The planet Mars marches past the heart of the lion the next few mornings. They’re high in the east at first light. Mars looks like a fairly bright orange star. The true star Regulus is quite close to its lower right tomorrow, but Mars will move down past the bright star over the next few days.
It’s this motion against the background of “fixed” stars that inspired long-ago skywatchers to call Mars and its kin “planets” — from a Greek word that means “wanderers.”
Mars and the other planets are much closer than the stars, and they move around the Sun, just as Earth does. Most of the time, we see that motion as a steady eastward trek across the sky.
But the situation is complicated by the fact that Earth moves around the Sun, too. The combined motions of Earth and the other worlds create a changing perspective — like one car overtaking another on the highway. So each of the planets periodically appears to stop for a while, then reverse direction. This “retrograde” motion continues for a few weeks or months before the planet once again stops, then resumes its normal eastward trek.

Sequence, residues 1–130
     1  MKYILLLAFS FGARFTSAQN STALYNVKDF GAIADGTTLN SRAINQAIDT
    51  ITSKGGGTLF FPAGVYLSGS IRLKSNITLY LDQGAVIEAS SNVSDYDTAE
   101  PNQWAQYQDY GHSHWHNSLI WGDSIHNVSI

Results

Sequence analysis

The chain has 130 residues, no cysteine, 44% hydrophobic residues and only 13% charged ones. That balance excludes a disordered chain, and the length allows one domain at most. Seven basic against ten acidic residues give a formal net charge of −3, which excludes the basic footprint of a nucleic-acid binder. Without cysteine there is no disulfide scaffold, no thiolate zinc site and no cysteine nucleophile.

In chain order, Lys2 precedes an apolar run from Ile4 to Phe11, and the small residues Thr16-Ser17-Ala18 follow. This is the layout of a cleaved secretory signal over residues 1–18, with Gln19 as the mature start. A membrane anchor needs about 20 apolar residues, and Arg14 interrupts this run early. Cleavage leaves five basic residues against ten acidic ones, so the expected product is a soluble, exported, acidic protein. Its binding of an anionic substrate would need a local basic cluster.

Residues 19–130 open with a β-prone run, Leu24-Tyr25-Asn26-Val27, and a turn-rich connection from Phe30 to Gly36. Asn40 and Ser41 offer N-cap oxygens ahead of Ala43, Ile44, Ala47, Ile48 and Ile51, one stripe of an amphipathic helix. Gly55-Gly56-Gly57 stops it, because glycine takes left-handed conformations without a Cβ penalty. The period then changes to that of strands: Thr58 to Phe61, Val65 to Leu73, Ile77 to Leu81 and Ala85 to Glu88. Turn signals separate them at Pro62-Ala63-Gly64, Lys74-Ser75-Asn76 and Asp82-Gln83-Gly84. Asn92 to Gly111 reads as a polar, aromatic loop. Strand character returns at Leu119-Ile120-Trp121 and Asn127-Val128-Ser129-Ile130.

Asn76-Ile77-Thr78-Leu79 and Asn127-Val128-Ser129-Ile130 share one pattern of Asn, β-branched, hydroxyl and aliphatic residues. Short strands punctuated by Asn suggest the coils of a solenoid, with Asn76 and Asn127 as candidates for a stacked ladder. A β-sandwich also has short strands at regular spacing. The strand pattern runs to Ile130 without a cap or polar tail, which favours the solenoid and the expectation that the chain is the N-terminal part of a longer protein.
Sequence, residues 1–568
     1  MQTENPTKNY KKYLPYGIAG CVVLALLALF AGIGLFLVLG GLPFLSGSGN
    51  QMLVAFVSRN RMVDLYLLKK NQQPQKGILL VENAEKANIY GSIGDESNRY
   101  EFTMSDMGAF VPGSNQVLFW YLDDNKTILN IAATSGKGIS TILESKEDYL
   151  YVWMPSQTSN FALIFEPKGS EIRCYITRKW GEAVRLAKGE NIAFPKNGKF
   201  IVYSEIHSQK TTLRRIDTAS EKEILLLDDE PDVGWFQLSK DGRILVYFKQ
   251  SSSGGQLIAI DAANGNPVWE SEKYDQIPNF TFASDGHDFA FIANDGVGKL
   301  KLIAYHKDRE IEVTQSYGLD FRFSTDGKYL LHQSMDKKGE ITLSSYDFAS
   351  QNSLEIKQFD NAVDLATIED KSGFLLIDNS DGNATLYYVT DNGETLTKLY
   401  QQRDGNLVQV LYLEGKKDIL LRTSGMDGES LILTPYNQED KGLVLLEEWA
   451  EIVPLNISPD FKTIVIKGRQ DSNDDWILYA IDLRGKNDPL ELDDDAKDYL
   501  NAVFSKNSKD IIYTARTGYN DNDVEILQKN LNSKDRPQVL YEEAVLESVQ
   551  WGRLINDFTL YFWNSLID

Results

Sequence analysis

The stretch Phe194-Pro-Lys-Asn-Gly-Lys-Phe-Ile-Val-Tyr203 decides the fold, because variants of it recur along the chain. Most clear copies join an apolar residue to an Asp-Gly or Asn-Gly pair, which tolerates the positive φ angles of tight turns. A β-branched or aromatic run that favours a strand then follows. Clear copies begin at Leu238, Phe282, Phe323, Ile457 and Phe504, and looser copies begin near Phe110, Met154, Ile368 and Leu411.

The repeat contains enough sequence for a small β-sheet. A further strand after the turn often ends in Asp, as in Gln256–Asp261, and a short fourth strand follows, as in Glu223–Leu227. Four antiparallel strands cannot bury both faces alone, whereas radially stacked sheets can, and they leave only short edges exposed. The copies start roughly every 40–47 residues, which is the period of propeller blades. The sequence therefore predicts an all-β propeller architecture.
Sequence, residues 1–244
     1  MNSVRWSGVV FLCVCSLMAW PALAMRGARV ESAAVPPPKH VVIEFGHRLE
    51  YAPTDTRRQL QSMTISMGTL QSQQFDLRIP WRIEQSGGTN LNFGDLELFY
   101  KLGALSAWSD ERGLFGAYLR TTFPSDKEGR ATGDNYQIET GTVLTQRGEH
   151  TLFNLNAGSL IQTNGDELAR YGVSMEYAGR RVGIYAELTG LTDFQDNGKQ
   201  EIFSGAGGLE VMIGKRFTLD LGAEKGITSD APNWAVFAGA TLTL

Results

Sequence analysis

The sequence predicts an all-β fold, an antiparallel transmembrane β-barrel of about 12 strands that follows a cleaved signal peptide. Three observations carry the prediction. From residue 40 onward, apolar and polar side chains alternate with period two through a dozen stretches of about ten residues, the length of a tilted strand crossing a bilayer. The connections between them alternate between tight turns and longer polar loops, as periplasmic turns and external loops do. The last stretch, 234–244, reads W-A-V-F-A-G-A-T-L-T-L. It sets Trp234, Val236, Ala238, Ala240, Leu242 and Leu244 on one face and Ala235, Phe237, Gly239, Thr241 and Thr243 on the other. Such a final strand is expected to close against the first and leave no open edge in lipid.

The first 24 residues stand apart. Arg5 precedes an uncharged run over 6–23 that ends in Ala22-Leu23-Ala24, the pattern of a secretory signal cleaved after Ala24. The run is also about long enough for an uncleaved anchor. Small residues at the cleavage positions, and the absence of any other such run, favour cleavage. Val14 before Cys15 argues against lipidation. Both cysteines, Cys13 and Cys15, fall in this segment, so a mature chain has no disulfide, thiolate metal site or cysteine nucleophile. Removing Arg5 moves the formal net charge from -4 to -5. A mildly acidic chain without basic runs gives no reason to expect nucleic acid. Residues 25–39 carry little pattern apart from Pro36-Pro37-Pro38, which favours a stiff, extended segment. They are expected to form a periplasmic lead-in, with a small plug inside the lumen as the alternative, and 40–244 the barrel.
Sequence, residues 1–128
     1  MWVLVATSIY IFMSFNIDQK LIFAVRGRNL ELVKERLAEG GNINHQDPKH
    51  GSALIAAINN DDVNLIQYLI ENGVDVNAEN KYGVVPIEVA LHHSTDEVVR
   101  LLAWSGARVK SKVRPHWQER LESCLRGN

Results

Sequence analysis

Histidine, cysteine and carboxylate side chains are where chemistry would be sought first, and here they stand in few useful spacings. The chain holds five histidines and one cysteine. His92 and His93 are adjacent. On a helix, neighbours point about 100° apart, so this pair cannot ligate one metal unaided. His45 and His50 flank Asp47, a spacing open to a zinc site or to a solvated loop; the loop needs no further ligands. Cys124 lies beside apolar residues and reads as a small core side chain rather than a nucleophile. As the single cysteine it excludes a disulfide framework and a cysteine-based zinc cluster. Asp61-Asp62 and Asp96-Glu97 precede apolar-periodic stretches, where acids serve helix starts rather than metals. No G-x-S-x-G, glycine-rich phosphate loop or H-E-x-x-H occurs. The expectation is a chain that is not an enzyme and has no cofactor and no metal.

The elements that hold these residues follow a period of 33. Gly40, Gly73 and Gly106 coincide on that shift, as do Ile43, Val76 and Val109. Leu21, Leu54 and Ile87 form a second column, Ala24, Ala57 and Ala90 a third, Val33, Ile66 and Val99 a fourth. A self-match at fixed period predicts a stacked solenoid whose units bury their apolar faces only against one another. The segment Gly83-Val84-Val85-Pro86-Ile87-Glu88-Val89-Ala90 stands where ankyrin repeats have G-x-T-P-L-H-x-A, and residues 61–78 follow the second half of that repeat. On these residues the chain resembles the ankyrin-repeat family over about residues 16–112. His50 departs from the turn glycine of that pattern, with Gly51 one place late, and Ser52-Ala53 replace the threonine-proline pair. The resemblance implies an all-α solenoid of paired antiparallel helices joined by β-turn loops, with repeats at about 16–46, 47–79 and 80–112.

These loops on the sky gave ancient skywatchers fits. They thought that all the objects in the sky circled around Earth, so they just couldn’t figure out why any object would change direction. They didn’t figure it out until they deduced the true configuration of the cosmos: Earth and the “wanderers” all orbit the Sun, with the true stars far beyond them.
Script by Damond Benningfield, Copyright 2013
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